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Ruling on Admissibility of Evidence Reviewed Under Abuse of Discretion

The trial court allowed certain testimony / evidence to be introduced at trial.  I objected, but the trial court overruled my objection. That evidence was introduced and I lost the trial.  I am considering an appeal based on the trial court's admissibility of this evidence. "Rulings on the admission of evidence are reviewed [on appeal] under the abuse of discretion standard [of review]."  Cantore ex rel. Cantore v. West Boca Medical Center, Inc., 2015 WL 5603449 (Fla. 4th DCA 2015).  This discretion, however, is limited by the Florida Rules of Evidence.   Johnston v. State, 863 So.2d 271, 278 (Fla. 2003).  For...

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Arbitration and the Lax Rules of Evidence

I'm sure you have heard of arbitration.  Arbitration is a method of dispute resolution.  If parties want to arbitrate their dispute as opposed to litigate their dispute in court, they need to include an arbitration provision in their contract.  This is because arbitration is a creature of contract and you cannot be compelled to arbitrate a dispute that you did not contractually agree to arbitrate as the method of dispute resolution.  (If you are arbitrating your dispute, then you are not litigating your dispute in court.) In arbitration, the rules of evidence are lax.  For example, Rules 35 and 36 of the Construction Industry...

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Judicial Notice of a Court’s File does NOT Circumvent Inadmissible Hearsay

Judicial notice is the “cognizance of certain facts which judges or jurors may properly take and act upon without proof, because they already know them.” Wyatt v. State, 270 So.2d 47, 48 (Fla. 4th DCA 1972) (quotation and citation omitted). A court may take judicial notice of “[r]ecords of any court of this state or of any court of record of the United States or of any state, territory, or jurisdiction of the United States.” Fla.Stat. s. 90.202(6). However, just because a court can take judicial notice of records in the court’s file cannot be used to circumvent otherwise inadmissible hearsay statements...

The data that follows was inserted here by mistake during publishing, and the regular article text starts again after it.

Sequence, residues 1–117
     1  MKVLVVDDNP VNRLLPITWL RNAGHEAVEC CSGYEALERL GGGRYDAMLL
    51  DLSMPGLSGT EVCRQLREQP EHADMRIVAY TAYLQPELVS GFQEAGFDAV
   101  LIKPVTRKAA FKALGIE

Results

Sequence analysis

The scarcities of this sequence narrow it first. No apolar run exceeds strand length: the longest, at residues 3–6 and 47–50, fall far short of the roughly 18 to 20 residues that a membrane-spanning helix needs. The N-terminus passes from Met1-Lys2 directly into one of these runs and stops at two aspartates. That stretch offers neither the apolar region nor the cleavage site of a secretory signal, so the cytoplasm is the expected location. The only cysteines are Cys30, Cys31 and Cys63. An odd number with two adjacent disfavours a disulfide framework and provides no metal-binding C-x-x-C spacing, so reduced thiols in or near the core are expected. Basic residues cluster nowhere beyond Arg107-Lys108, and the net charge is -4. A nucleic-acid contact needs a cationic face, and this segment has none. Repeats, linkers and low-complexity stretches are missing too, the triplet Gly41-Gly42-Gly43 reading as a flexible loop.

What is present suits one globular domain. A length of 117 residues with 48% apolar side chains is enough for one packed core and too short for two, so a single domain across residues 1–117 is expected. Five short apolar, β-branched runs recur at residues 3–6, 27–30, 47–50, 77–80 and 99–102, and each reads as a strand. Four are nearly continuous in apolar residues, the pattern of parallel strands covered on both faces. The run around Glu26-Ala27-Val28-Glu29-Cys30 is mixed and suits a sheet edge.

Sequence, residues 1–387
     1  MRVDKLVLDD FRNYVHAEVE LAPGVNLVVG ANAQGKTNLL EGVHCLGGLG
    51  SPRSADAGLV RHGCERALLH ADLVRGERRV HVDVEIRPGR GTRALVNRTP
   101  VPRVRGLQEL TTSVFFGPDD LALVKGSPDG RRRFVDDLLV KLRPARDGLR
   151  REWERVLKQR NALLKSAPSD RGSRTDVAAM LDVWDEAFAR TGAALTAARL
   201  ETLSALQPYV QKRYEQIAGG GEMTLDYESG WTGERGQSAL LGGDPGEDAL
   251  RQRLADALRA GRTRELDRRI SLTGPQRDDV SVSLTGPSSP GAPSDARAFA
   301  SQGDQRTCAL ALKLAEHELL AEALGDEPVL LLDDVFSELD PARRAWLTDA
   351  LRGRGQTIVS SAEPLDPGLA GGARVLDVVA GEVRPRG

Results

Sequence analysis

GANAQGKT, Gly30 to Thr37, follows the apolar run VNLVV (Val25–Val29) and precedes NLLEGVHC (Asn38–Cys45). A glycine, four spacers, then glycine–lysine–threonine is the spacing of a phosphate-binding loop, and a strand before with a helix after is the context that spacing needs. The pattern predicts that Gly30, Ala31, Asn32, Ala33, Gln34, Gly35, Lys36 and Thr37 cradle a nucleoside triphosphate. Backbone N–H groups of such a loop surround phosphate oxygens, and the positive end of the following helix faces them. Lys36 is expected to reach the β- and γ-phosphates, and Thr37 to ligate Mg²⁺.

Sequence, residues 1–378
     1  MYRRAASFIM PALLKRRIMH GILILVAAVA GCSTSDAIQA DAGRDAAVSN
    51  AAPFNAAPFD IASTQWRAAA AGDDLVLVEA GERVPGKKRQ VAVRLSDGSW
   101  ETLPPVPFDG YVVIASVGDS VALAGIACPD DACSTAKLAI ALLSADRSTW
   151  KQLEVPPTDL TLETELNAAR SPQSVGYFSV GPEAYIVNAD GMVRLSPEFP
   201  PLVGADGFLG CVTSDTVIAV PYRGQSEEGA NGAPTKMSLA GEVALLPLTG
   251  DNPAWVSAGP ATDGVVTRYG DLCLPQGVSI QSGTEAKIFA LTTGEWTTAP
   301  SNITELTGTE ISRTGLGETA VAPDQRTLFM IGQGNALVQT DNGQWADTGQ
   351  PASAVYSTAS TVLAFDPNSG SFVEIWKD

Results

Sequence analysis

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Expert Witnesses can Rely on Hearsay….But…

Expert witnesses can rely on hearsay (or inadmissible evidence) in arriving at their expert opinions subject to exceptions set forth below. Vega v. State Farm Mut. Automobile, 45 So.3d 43 (Fla. 5th DCA 2010) (expert automobile appraiser was entitled to rely on other persons knowledge in vintage automobiles to arrive at estimated value of vintage vehicle); Houghton v. Bond, 680 So.2d 514 (Fla. 1st DCA 1996) (expert allowed to rely on inadmissible study to arrive at expert opinion). Indeed, Florida Statute s. 90.704 supports this point by stating: If the facts or data are of a type reasonably relied upon by experts in...

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Fact Witness Testimony Must be Based on Their Personal Knowledge

Fact witnesses may only testify as to matters within their personal knowledge.   Fla.Stat. s. 90.604. “[A fact] witness is limited to testifying to facts that are within the witness's knowledge rather than the witness's speculation and conjecture.” A&A Electric Services, Inc. v. Jurado, 40 Fla.L.Weekly D1963a (Fla.2d DCA 2015). For example, in Jurado, the plaintiff was testifying as to a document he signed and the principal of the defendant signed. In doing so, he testified as to the principal’s intent in signing the document. But, how did he know the principal's intent? Wasn’t he merely speculating as to the principal's intent? Of course...